teachers may copy and paste parts of the text into a program. Once the words
are displayed, teachers will lead students in a discussion and exploration
about which words are displayed the most and what that might suggest about
The text contains words that teachers might use to assist students in their
vocabulary development. A list of words, including page numbers, is included
in the appendix of this guide. Some ways teachers might incorporate these vocabulary
- Selecting words and grouping in "families" encourages students
to learn the words on a continuum. Teachers are encouraged to help students
understand the meaning and relationship of the words in connection with each
- Decide which words are crucial for students' understanding of the text and
pre-teach those words.
- Relate the new words to ones students might already know. Teachers might
press students to explain the connection between the words.
- Teachers might want students to learn what the word means as well as what
it does not mean.
- Teachers might also encourage students to actively use the words they are
learning (i.e. in writing assignments, during discussions, etc.) to increase
their comfort and familiarity with the words
- Teachers might encourage students to use a vocabulary journal for the new
words they learn. Potential journal entries could include word, part of speech,
usage, synonyms, antonyms, sentences, etc. Teachers should encourage students
to draw on their vocabulary journal regularly.
Summaries and Teaching Suggestions
Throughout the reading of the text, it is important to help students keep track
of the names and locations mentioned throughout the text. The following activities
can be used to help students deepen their understanding as they read.
- Timeline: Instruct students to keep a timeline of events as they read. Teachers
might wish to provide students with a graphic organizer that allows them to
keep track of times and dates, or else students can be instructed to keep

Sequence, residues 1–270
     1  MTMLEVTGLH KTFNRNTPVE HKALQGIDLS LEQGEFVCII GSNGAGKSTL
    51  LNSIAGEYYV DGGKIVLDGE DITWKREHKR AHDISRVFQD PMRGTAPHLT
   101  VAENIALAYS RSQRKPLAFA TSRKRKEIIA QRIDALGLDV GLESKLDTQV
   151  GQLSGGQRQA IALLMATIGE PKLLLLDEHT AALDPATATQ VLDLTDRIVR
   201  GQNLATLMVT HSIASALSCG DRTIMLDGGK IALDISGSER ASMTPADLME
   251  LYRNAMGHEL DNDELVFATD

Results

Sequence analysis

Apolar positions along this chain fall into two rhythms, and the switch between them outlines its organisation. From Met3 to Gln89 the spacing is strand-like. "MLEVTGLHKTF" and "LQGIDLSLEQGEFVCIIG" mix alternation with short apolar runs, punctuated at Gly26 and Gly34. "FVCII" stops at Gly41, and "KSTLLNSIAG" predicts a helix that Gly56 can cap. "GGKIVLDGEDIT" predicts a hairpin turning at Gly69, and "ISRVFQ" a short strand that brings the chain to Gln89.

track independently. The teacher might also want to create a bulletin board
where students can add events, pictures, newspaper clippings, etc. that helps
them make connections between the text and the present.
- History/Story Maps: Teachers may advise students to keep history maps as
they read to improve their understanding of events. These maps ask students
to identity key historical events, what caused the event, the important people
involved, and how the event was resolved.
- Problem-Solution Charts: MLK discusses several reasons he chooses nonviolent
action and civil disobedience. Teachers may assign students to create a chart
(two-column notes) where they list the problems on one side and solutions
on the other side to provide students with a visual representation of consequences,
causes and solutions.
- Summarizing: Teachers might encourage frequent comprehension checks for
students as they read the text. Some summarizing strategies include think-write-pair-shares,
quick writing, turning passages from the text into summaries that are concise
and accurate, etc.
- Double Entry Journals: Students use a notebook to record textual impressions
of what they read. Using two columns, the student records a quotation in the
left hand column and responds to the quotation in the right-hand column.
- Document Analysis: Students can be taught to critically evaluate the images
included in the text. The National Archives has several different handouts
for teachers to help students with the analysis (http://www.archives.gov/education/lessons/worksheets/).
Introduction by Dorothy Cotton (ix-xiii)
Summary: Dorothy Cotton authors the introduction to the text. Cotton,
who worked closely with King, was the Education Director for the Southern Christian
Leadership Conference (SCLC) and explains being present when King decided to
proceed with a protest that would land him in prison. Cotton notes, "Martin's
decision to go to jail was a crucial turning point for the civil rights struggle."
Yet, as King himself explains, the decision to be incarcerated allowed him to
demonstrate his belief in the importance of freedom and justice. Cotton explains
how Freedom Songs bolstered the hope of her and other supporters, and concludes
with the assertion that the messages from Why We Can't Wait are relevant